I awoke at 8:15 and actually had a great breakfast at this hostel! I had an orange, a waffle with jam (!!!), and strawberry yogurt with muesli. I have never really been a fan of yogurt, but on this trip I am starting to warm up to it. Particularly mixed with muesli. SOOOO GOOOD.
Getting to the ski center is usually pretty simple - there is a bus that goes from Stryn to the Ski center (45 minutes away), but right now it isn't running. I don't know why. So I was only able to get to the Folven, at the base of the mountain. Folven is basically a big drunken party full of skiers and snowboarders from around the world. Everyone I had spoken to assured me that I could just show up and get a ride without a problem. Surely enough, the first group I approached offered bring me along.
Bjorn and Inge brought me along in their car and we drove up the mountain together. They got me there quickly, gave me some basic advice, and Bjorn lent me his (really, really nice) ski goggles. We were driving up the side of the mountain within minutes, which was really incredible. The road has only been driveable for a week now. The snow had been cleared, leaving somewhat of a canal which snaked its way to the top. In some places there were eight feet of snow visible; much higher amounts were present but unknown because there was no way to check! The trip to the ski center was truly surreal.
When we arrived I just had to rent gear and buy a lift ticket. Renting the gear was really quick and easy, because everyone in Norway has their own. The lift ticket was also pretty straight forward. I found the prices to be very reasonable by Norwegian standards. One day ski rental was $50.00 and my lift pass was $65.00. Considering the once-in-a-lifetime factor, I was happy to pay up. All that was left now was the mountain/glacier. Most of what I skied on today was a glacier, albeit covered in 15-30 feet of snow. The ski center gets around 30 feet of snow in a typical season, and it never totally melts. (It's supposed to snow on Wednesday, actually.)
After gearing up, I made my way to the lifts. First there was a traditional chairlift, which brought me from 3500 feet to 4300 feet. Then, there was this thing called a t-bar lift. To use it, you grab this T-shaped bar, tuck it behind yourself, and lean back. The sensation is something analagous to waterskiing uphill. The T-bar brought us from 4300 feet to the top of the mountain at 5300 feet. (!)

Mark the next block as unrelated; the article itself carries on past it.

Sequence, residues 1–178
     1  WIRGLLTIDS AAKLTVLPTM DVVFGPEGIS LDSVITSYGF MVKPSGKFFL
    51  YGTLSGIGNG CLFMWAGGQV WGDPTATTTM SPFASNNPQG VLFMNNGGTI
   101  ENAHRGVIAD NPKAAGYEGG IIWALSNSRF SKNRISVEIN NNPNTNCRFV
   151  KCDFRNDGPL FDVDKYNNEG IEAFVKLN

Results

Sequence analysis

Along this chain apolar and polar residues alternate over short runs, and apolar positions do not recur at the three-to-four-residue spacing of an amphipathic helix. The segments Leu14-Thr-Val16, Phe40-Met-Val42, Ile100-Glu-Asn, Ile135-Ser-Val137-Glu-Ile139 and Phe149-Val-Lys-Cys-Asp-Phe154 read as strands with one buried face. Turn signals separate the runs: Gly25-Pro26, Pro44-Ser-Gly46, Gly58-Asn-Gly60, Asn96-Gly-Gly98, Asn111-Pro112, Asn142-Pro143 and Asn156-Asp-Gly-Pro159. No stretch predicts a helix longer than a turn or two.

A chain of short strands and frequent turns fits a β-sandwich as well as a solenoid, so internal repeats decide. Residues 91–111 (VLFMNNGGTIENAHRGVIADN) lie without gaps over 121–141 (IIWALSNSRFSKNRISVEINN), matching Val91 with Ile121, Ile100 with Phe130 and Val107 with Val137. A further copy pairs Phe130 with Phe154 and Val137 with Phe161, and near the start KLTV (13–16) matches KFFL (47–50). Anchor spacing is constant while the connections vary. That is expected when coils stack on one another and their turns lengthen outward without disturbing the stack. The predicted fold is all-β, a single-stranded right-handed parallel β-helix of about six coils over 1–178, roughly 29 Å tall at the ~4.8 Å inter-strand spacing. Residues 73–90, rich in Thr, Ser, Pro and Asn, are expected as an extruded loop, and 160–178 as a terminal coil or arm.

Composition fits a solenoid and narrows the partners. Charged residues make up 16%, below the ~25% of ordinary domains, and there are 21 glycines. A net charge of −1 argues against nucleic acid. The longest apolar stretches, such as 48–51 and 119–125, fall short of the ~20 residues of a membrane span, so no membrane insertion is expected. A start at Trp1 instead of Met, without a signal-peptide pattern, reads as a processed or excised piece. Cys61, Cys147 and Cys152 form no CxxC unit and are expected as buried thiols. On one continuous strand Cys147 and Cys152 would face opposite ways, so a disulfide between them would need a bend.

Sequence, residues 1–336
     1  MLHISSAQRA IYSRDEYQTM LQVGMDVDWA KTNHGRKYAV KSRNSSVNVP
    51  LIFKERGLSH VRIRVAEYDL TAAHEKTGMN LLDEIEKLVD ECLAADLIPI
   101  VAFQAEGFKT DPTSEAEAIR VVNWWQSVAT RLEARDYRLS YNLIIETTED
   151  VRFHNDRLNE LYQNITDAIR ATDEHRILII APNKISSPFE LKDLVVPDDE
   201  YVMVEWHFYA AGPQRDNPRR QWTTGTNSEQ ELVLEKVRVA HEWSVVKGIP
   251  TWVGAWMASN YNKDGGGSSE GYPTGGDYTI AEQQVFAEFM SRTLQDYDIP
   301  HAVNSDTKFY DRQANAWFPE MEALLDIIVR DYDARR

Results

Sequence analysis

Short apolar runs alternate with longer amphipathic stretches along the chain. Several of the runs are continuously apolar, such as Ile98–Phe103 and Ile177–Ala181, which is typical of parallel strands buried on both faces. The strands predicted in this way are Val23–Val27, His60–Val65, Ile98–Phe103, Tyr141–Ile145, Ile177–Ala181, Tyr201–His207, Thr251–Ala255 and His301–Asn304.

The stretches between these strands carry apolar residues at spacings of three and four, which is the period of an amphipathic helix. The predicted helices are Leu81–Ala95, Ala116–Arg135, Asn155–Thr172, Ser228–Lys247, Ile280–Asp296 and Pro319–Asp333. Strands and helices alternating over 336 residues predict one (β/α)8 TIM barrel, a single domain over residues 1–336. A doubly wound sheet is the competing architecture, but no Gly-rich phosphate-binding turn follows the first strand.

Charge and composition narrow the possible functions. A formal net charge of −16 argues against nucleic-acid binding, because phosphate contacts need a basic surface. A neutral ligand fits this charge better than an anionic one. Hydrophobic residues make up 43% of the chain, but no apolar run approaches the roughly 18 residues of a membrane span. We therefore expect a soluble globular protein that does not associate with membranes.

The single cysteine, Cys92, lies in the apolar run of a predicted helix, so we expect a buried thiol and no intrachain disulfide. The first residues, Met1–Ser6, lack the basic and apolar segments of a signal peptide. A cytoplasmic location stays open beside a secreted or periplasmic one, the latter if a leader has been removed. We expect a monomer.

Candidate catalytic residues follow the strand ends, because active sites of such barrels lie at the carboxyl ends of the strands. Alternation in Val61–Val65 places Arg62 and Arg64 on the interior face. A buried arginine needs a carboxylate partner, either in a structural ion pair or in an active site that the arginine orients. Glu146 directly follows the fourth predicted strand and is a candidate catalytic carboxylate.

So, this one time I went skiing in West Virginia. Hahaha...
Before today, I had been skiing twice at Snowshoe Mountain. I was expecting the skiing to be challenging, but manageable.
To put it bluntly, I got pwned. The "easy" trails were much steeper than I anticipated, and the snow was difficult to maneuver in. It was very heavy, because there had been several consecutive days where the temperature did not drop below freezing. On my first run, I made my way very clumsily down the mountain, crashing every few minutes. When I skied for the first time a few years ago I suffered initially with the Zoolander complex; I wasn't an ambiturner. Only being able to turn one way makes slalom skiing very difficult (read: painful). Today I was having similar problems, which were antagonized by the steepness, the heaviness of the snow, and my 16-month hiatus from skiing. One of the wipeouts twisted my right knee pretty badly because the ski didn't pop off, but it didn't slow me down too much.
On my second and third runs, I fell much less, but I was also in some pain from my earlier wipeouts. All in all, I lasted about 3 and half hours on the mountain before I was beat. I returned my equipment and managed to hitch a ride all the way back to Stryn, where I just took a long nap.
Upon awakening, my right knee is hurting a lot. Walking isn't a problem, but turning it or laterally shifting my weight is painful. Fortunately, I can put my feet up and relax for the rest of the evening. The pain isn't particularly acute, rather it is a constant reminder of the crazy day I have had. Oops! I am sunburned too. Oh well. Worth it.
Pretty blue ice/water
The Stryn Ski center from the first lift